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The Cambridge History of English and American Literature in 18 Volumes (1907–21).
Volume VI. The Drama to 1642, Part Two.

VIII. Ford and Shirley

§ 12. His Comedies of Manners and Romantic Comedies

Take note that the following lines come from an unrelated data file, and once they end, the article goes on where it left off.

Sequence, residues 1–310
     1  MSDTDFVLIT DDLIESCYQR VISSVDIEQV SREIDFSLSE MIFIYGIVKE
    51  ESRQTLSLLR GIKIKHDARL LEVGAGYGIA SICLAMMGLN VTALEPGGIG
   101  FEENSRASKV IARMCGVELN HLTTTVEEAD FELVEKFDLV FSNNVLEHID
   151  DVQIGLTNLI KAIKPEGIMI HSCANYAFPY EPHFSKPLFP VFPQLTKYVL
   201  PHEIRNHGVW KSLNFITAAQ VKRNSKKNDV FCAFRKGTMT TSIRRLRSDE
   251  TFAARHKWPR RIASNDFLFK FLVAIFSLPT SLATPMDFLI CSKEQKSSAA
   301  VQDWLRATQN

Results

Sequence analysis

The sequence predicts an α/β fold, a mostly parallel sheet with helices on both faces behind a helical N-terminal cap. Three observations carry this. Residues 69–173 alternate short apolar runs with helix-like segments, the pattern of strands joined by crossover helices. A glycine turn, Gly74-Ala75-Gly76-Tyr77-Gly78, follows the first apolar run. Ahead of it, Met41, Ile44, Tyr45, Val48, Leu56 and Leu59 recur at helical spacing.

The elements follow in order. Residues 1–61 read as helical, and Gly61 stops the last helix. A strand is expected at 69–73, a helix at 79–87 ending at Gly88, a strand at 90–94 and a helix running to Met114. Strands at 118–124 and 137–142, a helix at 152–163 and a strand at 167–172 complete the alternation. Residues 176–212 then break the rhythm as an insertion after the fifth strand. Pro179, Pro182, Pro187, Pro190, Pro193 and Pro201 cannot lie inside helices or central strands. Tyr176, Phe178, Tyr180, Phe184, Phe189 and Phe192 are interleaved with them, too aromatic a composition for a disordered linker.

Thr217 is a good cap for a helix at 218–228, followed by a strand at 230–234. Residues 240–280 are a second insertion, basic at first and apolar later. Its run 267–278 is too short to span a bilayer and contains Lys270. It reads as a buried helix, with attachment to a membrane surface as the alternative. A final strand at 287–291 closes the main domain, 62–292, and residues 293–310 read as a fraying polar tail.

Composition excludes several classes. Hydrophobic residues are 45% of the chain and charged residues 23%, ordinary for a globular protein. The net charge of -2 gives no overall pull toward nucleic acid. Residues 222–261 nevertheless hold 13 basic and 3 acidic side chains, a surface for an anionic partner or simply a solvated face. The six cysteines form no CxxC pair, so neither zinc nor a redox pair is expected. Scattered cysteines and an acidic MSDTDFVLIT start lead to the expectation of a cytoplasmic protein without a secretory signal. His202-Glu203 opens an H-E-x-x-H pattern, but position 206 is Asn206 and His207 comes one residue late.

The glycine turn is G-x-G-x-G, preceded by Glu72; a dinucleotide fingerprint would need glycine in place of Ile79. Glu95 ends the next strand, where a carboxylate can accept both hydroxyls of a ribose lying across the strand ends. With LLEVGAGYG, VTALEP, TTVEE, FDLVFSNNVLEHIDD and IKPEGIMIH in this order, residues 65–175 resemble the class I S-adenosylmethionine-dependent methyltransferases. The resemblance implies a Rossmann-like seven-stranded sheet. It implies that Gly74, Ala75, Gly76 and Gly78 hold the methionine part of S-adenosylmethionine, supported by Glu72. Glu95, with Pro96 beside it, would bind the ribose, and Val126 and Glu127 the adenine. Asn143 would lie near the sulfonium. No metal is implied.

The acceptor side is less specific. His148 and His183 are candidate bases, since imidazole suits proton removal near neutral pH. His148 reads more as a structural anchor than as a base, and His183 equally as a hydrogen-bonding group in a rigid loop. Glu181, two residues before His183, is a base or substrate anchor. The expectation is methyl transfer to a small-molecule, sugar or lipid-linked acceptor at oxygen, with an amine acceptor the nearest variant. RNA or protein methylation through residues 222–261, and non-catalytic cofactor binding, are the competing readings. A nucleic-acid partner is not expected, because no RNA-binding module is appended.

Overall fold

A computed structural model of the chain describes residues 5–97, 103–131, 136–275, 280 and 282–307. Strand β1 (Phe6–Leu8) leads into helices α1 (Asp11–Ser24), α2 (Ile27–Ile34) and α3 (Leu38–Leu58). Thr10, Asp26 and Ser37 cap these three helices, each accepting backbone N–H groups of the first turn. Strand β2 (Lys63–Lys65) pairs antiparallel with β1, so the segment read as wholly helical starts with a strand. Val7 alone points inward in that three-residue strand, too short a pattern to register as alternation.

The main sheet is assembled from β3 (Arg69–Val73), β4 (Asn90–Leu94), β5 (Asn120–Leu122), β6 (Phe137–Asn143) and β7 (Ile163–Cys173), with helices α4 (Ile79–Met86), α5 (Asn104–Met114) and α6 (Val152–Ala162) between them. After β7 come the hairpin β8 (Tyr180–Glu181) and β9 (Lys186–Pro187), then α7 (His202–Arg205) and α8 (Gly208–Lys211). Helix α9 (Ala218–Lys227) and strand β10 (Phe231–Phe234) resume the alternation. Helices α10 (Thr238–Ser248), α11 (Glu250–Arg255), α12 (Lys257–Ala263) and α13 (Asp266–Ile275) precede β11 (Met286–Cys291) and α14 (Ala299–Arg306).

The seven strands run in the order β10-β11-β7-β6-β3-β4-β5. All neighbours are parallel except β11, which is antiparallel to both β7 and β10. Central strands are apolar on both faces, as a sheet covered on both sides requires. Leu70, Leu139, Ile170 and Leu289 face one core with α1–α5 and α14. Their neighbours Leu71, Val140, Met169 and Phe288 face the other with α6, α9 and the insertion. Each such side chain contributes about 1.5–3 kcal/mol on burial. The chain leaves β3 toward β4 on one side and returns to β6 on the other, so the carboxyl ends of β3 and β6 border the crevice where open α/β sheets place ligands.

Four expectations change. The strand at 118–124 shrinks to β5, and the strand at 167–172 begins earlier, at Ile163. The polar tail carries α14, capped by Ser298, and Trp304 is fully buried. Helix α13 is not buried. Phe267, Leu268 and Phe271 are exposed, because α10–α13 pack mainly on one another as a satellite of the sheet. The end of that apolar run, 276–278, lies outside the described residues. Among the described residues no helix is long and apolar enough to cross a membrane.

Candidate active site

The comedy of Shirley falls into two main classes, the comedy of manners and romantic comedy, the latter sometimes described in the early editions as tragicomedy. The scenes of the comedies of manners are, with one exception and that only nominal, laid in London or its immediate neighbourhood, and the time is contemporary. One or two are satirical in purpose, others are dramas of situation or intrigue; but all serve to lay before us a lively picture of city life in the time of Charles I. Though noblemen appear occasionally among the dramatis personae, the scenes are not laid at court, and the society represented is that of the man about town and the well-to-do citizen. This group of plays, ten in all, begins with Shirley’s first dramatic attempt, Love Tricks: or, The Schoole of Complement (1625). This somewhat dilettante and imitative production contains much topical satire, and it is redeemed from insignificance by the detached comedy scene which gives the play its sub-title, and which, in an amusing manner, parodies the affectations of polite address by the device of a school where they are taught for a fee to all comers. The Wedding (1626) shows a great advance in construction, and the serious plot is skilfully conducted to an effective dénouement. It turns upon the interruption of a wedding by a charge against the purity of the bride; and the interval before the lady’s character is cleared serves to test the qualities of the chief persons more deeply than is usual in this kind of comedy. The farcical underplot, here again, provides a highly comic scene in the duel between a fat man and a lean one, both arrant cowards. The Wittie Faire One (1628) is bright in dialogue and ingenious in construction, with somewhat conventional characterisation. But the modern reader finds it hard to accept an ending as happy in which a girl of character and spirit accepts as husband a rake who has been frightened into respectability by the preposterous device of all his friends behaving as if he were dead. The principal comic scene is provided by a foolish knight receiving lessons in geography from his tutor. Changes: Or, Love in a Maze (1632) is admirably named, since the plot is so contrived that the three pairs of lovers attach and detach their affections as often as possible in the course of five acts. The farce consists in dressing up a page as a rich widow, who is wooed by the foolish knight, Sir Gervase Simple. An amusing piece of satirical literary criticism is introduced in the scene where Caperwit, the poetaster, discusses the function of adjectives in verse. The value of Hide Parke (1632) is almost altogether in the minutely realistic study of fashionable life, especially of horse racing in the park. The underplot lacks emphasis, the interest is scattering and the characterisation is sketchy. The Ball (1632), again, is highly topical, being evidently designed to dissipate slanderous reports that had been circulated concerning the newly originated subscription balls, and, perhaps, also to give the actors opportunity for personating “divers… lords and others of the court,” as the master of the revels complained they did. Romantic interest is entirely subordinated to the exposing of a variety of typical humbugs and fraudulent adventurers. On the title-page of the original edition, Chapman is named as Shirley’s collaborator; but, in spite of a strong suggestion of the older method of Jonson in the handling of the types, it is clear that, in the play as we have it, Chapman’s share is negligible. Though in execution a lively picture of contemporary manners, The Gamester (1633,) in its main intrigue, is strongly reminiscent of the novella. It was made, says Sir Henry Herbert, “out of a plot of the king’s, given him by mee,” but Langbaine found the story both in the Ducento Novelle of Malespini and in Margaret of Navarre’s Heptameron. Though coarser in tone and incident than is usual with Shirley, the comedy is worked out with great ability, and the sordid improbability of the Hazard-Wilding plot is, in part, atoned for by the fine romantic spirit of the underplot of Leonore and Violante. The making and unmaking of the younger Barnacle as a “roarer” supplies some good farcical scenes. The conduct and influence of the chaste wife, Bellamia, raise The Example (1634) to a much loftier level than the preceding play. The difficult feat of rendering a would-be adulterer’s conversion plausible is skilfully accomplished here, though why he should insist, later, on fighting with the husband is not made very clear. Here, again, Shirley shows himself critical of current literary style; and, in the character of Sir Solitary Plot returns again to the method of the comedy of humours. The Lady of Pleasure (1635) is frequently regarded as Shirley’s best performance in its kind. The main plot, which turns on the curing a wife of her desire for a life of fashionable folly, is thoroughly sound and well carried out. The minor plot of the young widow Celestina gives occasion for some fine speeches, but is less convincing in itself. The satire against rakish men about town is scathing enough; but, like many satirists, Shirley proves unable to touch pitch without defiling himself. In The Constant Maid, a play of the Dublin period, the author displays no new or striking characteristics. It is a conventional comedy of artificial misunderstandings, supported by an equally conventional underplot and a masque.